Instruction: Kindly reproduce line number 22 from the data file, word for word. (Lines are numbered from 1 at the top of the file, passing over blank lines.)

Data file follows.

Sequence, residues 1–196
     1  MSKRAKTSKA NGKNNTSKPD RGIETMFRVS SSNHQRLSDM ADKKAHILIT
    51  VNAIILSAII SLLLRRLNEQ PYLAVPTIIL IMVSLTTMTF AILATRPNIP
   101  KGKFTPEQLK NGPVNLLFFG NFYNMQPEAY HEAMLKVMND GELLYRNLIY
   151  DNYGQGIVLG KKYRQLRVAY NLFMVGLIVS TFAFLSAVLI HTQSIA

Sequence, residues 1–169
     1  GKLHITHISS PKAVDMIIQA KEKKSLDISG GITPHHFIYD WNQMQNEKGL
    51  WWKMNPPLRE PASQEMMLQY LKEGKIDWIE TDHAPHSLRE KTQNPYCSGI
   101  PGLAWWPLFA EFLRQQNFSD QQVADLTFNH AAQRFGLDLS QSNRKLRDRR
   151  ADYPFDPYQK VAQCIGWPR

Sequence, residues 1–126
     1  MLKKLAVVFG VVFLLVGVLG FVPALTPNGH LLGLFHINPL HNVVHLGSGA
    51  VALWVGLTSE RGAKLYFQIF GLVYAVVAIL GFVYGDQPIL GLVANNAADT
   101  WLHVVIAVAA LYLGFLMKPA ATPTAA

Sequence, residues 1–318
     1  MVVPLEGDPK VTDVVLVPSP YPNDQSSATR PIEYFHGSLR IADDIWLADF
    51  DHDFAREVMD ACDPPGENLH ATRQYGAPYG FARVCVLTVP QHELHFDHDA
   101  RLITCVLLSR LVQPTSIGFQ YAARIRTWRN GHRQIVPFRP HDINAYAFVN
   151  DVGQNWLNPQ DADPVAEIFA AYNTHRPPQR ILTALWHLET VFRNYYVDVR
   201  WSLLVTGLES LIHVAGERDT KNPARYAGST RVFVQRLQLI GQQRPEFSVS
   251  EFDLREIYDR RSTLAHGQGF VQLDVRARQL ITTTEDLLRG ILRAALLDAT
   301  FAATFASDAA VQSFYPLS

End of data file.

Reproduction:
   301  FAATFASDAA VQSFYPLS